Just as with breast cancer, detecting lymphedema early increases the likelihood of successful treatment. Early detection can be challenging, though, because first symptoms are often subtle. They may feel tingling or numbing in their arm for a day or two, but it goes away.
But three years ago, she experienced pain which was so intense that, at times, it took her breath away. Occasionally, the excruciating spasms would radiate into her breast and armpit, even as far as her elbow. After several weeks of agony, the mother-of-two described the symptom to her GP and asked for some naproxen; she had found this powerful anti-inflammatory effective when she suffered whiplash in a car accident a few years earlier.
After having treatment for breast cancer, you might experience pain in your arms and shoulders, mostly on the same side of your body as the treatment. Sometimes, it can take months for these complications to appear. Fortunately, there are simple exercises you can start within days after surgery and continue during radiation or chemotherapy. You may find it helpful to consult a physical or occupational therapist before you begin.
This forum has been really helpful to me from finding a lump to having my appointment and needle biopsy. This has been happening more over the last two weeks and I also get the same dull ache in my lower leg on the same side. They said biopsy results should be weeks.
If you're struggling to find what you need, call our Support line on 7 days a week, 8am-8pm. Surgery and radiotherapy to the breast can cause changes in sensation and movement in the treated area, arm and shoulder. Treatments can also affect the appearance of the breast or cause swelling of the arm.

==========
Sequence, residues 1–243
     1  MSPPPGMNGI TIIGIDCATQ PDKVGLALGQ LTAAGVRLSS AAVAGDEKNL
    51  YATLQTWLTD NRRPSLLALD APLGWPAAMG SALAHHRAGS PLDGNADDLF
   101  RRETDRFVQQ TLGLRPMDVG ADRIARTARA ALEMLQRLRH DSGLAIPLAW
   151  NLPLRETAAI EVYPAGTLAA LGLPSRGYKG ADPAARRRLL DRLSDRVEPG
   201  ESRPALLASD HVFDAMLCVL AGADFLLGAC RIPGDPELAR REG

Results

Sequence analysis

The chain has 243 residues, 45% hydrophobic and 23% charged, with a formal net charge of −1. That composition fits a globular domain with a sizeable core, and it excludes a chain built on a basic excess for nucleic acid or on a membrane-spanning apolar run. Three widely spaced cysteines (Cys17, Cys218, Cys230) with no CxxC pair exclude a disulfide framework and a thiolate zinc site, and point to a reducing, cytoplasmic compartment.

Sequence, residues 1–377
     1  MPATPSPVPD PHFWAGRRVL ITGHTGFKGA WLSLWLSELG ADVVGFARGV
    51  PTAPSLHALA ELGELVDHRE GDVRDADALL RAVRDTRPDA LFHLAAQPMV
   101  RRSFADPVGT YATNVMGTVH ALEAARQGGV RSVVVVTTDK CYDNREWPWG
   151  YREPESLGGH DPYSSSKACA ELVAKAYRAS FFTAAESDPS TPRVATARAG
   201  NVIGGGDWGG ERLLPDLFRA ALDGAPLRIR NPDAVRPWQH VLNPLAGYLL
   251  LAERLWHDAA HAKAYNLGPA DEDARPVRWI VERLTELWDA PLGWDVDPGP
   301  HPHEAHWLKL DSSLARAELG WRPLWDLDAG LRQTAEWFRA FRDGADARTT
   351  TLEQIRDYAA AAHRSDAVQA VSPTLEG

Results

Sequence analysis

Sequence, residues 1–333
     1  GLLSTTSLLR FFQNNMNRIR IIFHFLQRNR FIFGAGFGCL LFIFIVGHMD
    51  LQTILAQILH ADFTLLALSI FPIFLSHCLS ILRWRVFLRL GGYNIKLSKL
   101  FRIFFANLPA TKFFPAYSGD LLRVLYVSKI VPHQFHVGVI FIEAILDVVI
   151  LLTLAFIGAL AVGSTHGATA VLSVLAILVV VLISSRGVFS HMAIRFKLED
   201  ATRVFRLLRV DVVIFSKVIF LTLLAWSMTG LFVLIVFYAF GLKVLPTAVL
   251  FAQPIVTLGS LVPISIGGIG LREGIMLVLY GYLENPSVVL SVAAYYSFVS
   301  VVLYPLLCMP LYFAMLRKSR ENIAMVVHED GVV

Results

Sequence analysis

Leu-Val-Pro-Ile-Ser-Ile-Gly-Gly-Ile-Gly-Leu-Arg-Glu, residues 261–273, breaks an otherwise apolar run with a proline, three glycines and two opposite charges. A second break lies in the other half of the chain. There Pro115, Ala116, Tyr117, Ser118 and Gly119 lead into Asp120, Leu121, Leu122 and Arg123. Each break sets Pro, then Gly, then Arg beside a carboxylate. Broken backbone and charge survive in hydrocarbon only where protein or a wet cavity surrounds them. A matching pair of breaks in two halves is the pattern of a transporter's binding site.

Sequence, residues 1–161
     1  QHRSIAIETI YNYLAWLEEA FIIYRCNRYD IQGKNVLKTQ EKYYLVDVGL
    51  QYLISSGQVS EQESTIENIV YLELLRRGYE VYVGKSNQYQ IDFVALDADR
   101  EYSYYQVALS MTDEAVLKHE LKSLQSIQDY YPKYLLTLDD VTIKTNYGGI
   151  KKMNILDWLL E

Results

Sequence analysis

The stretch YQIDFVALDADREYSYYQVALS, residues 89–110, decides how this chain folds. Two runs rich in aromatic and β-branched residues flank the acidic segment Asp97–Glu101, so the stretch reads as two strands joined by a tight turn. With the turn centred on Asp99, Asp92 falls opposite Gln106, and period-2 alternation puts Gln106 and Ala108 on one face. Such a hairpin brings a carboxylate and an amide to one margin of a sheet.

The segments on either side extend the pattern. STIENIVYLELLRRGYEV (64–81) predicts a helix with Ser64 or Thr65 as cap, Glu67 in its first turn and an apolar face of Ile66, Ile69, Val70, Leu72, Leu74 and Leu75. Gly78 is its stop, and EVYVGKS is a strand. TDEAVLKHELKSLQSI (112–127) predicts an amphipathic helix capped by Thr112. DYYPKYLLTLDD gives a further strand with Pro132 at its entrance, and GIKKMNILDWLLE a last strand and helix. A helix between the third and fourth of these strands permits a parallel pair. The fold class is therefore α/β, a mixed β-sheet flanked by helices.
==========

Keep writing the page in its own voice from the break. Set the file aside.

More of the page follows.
The most common symptom of breast cancer is a lump. But it should be noted the majority of breast lumps are benign and not cancerous. A change in size, shape or feel of a breast, breast pain, skin changes, and fluid leaking from the nipple are other signs to look out for.
With an increased number of breast cancer survivors and patients with metastatic disease living longer, it is imperative for oncology care providers to manage issues of new and chronic upper extremity dysfunction as a result of the malignancy itself or its treatment. A combination of factors can contribute to shoulder dysfunction, including age, weight, prior shoulder problems, surgical method, use of aromatase inhibitors, and cervical dysfunction. We also know that patients who undergo mastectomy, extensive radiation, and lymph node dissection have an increased risk of developing shoulder dysfunction compared with patients who have breast-conserving surgery or less-aggressive radiation treatment.
F or decades, the medical community and the media have waged an effective awareness campaign about the signs and symptoms of breast cancereducating the public about the importance of diligently monitoring their breasts for lumps. And the tactic has worked. Some, then, may be led to assume that no lump and no tumor mean no cancer, but that may be a dangerous conclusion to draw. Visual changes may be especially key in helping detect breast cancer early.